The research studies that support the climatic basis of conflict also make some fundamental errors in research design. Rather than looking at the full range of climate extremes in a region and analyzing which of these led to conflict, which had no effect, and which led to cooperation, they instead look for conflicts and then try and link them back to climatic causes. For example, the prestigious journal Science recently published an article that claimed to analyze and synthesize more than 60 studies of climate and conflict, concluding that in the majority of cases the studies showed a robust link between climate and conflict. Although they had strict criteria for selecting the studies, to my mind there is a fundamental flaw in the experimental design. In only selecting cases where climate causes conflict it's not surprising that they, and other researchers, find proof of the relationship! Why didn't they broaden the study to see how many studies of climate impacts result in no conflict or cooperation?
To be sure this poses a challenge because although a number of groups collect data on international and domestic conflict, it is harder to corresponding data on incidents of peace and cooperation. But it should be possible to look at data on climate extremes and analyze the full range of responses to drought and other hazards including examples of cooperation, no response, and conflict - its already been done for water shortages to resolve debates over water wars.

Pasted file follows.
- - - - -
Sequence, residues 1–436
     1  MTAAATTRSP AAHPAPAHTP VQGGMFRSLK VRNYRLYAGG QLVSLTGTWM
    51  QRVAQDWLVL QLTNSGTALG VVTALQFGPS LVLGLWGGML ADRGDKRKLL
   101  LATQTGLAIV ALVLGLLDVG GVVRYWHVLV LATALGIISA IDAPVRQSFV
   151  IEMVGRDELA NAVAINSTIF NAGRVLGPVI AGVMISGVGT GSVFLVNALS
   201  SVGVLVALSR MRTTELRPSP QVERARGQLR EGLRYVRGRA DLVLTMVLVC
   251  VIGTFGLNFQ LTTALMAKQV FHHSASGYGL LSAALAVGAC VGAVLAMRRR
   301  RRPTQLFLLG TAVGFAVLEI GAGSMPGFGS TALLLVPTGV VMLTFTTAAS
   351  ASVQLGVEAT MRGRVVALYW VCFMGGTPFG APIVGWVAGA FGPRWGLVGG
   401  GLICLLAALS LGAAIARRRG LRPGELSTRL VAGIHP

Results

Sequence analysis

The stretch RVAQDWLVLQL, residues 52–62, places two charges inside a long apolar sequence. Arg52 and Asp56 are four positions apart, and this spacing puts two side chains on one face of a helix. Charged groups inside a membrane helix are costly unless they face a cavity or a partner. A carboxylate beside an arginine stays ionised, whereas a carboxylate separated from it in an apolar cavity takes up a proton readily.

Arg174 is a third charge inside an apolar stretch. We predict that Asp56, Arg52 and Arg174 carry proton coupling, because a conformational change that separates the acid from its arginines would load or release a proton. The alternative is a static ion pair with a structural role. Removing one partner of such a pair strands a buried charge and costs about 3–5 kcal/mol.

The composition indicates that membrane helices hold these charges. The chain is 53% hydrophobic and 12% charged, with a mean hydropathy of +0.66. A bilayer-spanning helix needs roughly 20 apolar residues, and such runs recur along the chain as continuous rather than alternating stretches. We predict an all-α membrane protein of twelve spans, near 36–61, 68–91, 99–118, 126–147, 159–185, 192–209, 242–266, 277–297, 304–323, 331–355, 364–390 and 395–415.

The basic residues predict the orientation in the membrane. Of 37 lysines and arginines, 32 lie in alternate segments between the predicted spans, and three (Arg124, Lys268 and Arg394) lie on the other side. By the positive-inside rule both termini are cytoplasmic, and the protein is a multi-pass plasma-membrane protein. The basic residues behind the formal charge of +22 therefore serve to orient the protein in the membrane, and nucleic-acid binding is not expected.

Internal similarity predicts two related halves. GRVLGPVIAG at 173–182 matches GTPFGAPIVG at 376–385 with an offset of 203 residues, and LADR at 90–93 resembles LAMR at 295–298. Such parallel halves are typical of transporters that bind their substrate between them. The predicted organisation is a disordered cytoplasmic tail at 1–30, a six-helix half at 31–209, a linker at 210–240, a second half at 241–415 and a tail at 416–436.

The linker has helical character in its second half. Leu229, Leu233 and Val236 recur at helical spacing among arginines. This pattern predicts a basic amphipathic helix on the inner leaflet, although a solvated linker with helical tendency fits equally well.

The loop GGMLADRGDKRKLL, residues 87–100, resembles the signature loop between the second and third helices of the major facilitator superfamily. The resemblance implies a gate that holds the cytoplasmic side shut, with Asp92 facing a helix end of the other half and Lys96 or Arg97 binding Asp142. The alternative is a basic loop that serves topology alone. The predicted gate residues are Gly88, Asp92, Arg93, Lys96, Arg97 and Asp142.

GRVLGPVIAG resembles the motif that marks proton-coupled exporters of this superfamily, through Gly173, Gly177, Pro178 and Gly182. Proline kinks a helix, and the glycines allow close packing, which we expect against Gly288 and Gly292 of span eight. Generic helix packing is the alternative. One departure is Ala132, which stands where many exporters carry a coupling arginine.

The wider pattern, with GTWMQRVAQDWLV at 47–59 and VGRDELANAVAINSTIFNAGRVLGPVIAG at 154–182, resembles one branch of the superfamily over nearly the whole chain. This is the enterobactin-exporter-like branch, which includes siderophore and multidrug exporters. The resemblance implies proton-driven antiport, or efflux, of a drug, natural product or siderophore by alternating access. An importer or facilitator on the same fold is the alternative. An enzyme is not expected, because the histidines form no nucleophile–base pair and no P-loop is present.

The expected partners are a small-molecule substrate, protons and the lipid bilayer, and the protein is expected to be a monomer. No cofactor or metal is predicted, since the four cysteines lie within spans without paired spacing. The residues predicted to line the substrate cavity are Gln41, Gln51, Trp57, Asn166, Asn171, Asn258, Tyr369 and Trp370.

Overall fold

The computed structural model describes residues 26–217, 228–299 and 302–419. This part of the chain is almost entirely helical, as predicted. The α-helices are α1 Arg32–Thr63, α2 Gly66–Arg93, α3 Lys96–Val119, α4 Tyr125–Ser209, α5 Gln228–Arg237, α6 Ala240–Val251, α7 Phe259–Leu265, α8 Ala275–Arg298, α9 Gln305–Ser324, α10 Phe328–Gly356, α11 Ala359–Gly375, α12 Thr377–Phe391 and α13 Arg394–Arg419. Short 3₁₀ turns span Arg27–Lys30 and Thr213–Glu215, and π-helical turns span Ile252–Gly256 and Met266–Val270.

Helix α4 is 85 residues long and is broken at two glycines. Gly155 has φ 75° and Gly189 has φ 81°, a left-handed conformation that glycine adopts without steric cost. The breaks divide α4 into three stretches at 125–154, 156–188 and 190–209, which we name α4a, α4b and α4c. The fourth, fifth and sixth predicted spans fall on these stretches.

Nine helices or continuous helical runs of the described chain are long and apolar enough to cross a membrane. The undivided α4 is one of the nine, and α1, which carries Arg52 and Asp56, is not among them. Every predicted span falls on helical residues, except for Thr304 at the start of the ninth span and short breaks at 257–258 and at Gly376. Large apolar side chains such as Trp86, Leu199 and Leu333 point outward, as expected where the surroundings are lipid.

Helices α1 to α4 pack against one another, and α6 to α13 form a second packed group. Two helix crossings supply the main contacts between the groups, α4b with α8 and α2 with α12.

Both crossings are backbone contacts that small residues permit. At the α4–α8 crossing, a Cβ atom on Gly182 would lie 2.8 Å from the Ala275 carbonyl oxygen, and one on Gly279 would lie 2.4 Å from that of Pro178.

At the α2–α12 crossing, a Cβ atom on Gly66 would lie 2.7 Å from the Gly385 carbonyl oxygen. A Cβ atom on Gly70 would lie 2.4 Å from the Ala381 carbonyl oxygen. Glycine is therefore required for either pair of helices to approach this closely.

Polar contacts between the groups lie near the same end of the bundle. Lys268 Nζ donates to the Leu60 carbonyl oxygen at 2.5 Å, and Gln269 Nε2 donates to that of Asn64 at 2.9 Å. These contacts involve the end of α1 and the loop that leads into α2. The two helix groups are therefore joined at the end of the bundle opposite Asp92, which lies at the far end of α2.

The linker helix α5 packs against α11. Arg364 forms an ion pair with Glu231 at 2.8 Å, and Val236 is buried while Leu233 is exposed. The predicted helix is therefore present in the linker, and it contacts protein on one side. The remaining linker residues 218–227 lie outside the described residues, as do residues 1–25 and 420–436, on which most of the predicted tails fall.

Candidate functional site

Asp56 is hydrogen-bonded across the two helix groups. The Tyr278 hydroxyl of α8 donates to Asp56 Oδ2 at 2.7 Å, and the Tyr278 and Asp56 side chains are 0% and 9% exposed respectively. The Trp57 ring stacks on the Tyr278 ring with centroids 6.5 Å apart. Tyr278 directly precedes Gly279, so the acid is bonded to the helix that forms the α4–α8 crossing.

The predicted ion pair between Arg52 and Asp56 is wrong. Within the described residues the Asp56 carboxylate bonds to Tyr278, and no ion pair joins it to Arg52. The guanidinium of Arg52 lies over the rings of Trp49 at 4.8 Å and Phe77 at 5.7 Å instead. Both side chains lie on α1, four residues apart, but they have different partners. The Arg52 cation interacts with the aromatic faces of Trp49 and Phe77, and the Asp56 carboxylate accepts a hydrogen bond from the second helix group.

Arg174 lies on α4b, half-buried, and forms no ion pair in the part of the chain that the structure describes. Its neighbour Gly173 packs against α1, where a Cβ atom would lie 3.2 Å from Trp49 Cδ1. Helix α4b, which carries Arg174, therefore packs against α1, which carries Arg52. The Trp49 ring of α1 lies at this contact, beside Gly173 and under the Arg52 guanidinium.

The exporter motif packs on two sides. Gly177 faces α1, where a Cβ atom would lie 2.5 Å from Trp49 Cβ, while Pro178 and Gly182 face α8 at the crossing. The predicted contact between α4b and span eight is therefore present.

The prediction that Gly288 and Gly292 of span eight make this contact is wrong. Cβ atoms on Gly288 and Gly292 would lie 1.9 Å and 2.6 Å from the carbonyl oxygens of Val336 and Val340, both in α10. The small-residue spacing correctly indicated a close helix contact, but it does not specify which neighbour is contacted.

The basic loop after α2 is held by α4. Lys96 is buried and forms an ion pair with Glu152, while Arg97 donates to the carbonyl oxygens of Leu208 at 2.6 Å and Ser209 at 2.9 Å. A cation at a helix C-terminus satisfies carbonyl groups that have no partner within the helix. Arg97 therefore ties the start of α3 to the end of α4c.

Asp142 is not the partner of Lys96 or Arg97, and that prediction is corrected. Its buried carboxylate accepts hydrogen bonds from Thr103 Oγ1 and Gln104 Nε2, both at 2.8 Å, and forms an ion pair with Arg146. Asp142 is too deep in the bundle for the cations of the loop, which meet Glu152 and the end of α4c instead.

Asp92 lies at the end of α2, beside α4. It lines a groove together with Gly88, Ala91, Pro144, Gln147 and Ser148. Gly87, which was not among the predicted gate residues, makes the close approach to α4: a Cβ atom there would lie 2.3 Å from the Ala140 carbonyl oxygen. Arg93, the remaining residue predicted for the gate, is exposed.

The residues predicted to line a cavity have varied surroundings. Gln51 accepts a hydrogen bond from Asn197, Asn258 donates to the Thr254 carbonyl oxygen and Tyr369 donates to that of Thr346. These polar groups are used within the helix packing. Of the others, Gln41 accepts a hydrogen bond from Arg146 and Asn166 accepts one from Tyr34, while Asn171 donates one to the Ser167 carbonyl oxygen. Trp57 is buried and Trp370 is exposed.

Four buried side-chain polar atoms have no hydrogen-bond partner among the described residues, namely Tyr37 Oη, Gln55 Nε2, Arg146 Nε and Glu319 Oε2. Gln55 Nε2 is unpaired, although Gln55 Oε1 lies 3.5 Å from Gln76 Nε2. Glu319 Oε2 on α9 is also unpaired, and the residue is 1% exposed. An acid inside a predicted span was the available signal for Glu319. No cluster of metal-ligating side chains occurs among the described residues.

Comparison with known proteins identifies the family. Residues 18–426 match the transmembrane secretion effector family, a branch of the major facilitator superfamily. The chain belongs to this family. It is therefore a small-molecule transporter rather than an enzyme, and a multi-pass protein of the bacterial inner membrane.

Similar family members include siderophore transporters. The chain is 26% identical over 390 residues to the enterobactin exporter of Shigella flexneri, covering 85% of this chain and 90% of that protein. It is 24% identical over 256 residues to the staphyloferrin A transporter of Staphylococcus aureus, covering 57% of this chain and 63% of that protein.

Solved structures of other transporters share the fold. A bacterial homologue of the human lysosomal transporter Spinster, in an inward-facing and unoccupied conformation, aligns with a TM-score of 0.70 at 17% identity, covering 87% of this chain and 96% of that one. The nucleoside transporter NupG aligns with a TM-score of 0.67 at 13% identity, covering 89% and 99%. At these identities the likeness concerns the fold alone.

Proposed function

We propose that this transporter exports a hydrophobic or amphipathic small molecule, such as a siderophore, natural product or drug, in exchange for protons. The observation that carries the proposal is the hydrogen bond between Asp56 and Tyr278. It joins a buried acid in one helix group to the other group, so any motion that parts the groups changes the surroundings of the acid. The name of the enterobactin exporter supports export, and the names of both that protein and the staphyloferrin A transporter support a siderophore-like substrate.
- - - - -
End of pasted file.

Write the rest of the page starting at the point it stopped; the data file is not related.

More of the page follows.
Many researchers and policy makers became convinced that increasing competition over water would lead to conflict in regions such as the Middle East. But when geographer Aaron Wolf did a careful study of 189 river basins he found that in almost all cases, competition over water led to greater cooperation between nations and communities rather than conflict. Even in the case of Israel's relationship to their Arab neighbors Wolf's research shows that the Jordan River and other shared waters have been a source of peaceful resolution rather than serious conflict.
Where cooperation resulted in robust management institutions to manage shared waters, there is great potential to resolve the challenges posed by climate change. Across the world, many water management institutions are already preparing for climate change by commissioning studies, adjusting allocations, and rethinking infrastructure. On the Colorado River, the U.S. and Mexico recently agreed to more flexible arrangements to share flows during high and low years and to restore flows to the ecosystems of the Colorado delta. In Southeast Asia Cambodia, Laos, Thailand and Viet Nam are cooperating through the Mekong River Commission to adapt to climate change. These are just a few of the cases where climate change is prompting peaceful cooperation rather than violent conflict.